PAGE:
Some questions people have about AppleWorks moving to modern Macs are answered here:
1. Does AppleWorks work on Intel Macs? Yes.
2. Does AppleWorks work on Lion (Mac OS X 10.7) or Mountain Lion (Mac OS X 10.8), or Mavericks (Mac OS X 10.9)? Not directly.
Conversion to compatible formats (mentioned in question 7 below) before installing Lion, or attaching a bootable external hard drive and installing Snow Leopard or earlier on it and installing Appleworks, is required to ensure your documents remain compatible when you upgrade to Lion.
Snow Leopard client (the most common consumer available version) installation though is not possible for Macs released new later than July 20, 2011. Note, some were released new earlier than that date, however were sold new after that date.
Alternatively, you can run 10.6.8 under virtualization as a server operating system.
To tell the difference between Macs that do or do not need the virtualization solution, go to Apple menu -> About This Mac -> More Info and look for the Machine ID, and in some cases the processor, release name, and speed are needed to be known. Those stated that can run Snow Leopard below do not need virtualization, those that can't run Snow Leopard natively, will need virtualization:
Mac Mini 5,x and later only run Lion and later. Mac Mini 4,x and earlier can run Snow Leopard with at least 1 GB of RAM (that's greater than 768MB of RAM).
MacBook Pro 8,x with EMC#s 2355, 2563, 2564 can only run 10.7 or later, all other 8,x EMC#s can run 10.6.3 or later, and all 7,x can. MacBook Pro 9,x and higher can only run 10.7 and later.
Mac Pro 5,1 that are not EMC# 2629 and earlier can run Snow Leopard. EMC# 2629 and Mac Pro 6,1 and later can only run 10.7 or later.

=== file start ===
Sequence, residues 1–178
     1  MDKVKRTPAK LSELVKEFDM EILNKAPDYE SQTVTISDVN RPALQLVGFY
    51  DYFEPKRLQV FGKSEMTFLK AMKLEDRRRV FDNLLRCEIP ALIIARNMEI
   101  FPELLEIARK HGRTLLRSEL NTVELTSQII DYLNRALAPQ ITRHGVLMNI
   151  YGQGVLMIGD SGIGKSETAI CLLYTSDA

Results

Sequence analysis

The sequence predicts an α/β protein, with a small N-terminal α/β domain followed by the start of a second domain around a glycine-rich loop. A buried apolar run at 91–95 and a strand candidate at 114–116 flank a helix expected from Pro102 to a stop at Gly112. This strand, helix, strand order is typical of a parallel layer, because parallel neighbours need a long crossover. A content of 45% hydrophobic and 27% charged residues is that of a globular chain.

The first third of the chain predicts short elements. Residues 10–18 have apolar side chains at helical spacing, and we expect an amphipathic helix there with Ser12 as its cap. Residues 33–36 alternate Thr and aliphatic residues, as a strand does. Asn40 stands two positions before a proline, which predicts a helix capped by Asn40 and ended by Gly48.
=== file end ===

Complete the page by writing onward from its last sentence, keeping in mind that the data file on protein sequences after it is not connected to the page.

MacBook with no Air and no Pro on the screen as of 11/30/2011 can all run Snow Leopard with at least 1 GB of RAM.
MacBook Air 4,x and later can't run Snow Leopard, while 3,x and earlier with at least 1 GB of RAM can run Snow Leopard.
iMac 12,1 i3 can't run Snow Leopard, while the 12,x i5 and i7 can run Snow Leopard, and the iMac 1,1 through 11,x can run Snow Leopard with at least 1 GB of RAM. iMac 13,x and later can't run Snow Leopard.
* The release names Early and Late can be gotten by plugging the serial number of the machine in
One other possibility, though it isn't one many might think of, you can install Windows on your Mac with Lion. For options for installing Windows, check the Windows software community, to enquire which is the best option for you. Apple did release Appleworks for WIndows. It runs on:
A Pentium Intel-based PC running Windows
95/98/Me/XP or Windows 2000
QuickTime 4.1.2 or later
Microsoft Internet Explorer 5.0 or later
This would allow you to have continued use of Appleworks, until you are able to migrate all your data to Lion compatible versions, without having to reinstall Snow Leopard. Options for running Windows on a Mac are shown in this tip. The Windows version of Appleworks is not available for sale from the Apple retail stores any longer. Finding a legal copy may be cost prohibitive, however, depending on your needs and if a different alternative is not practical, you may want to consider it.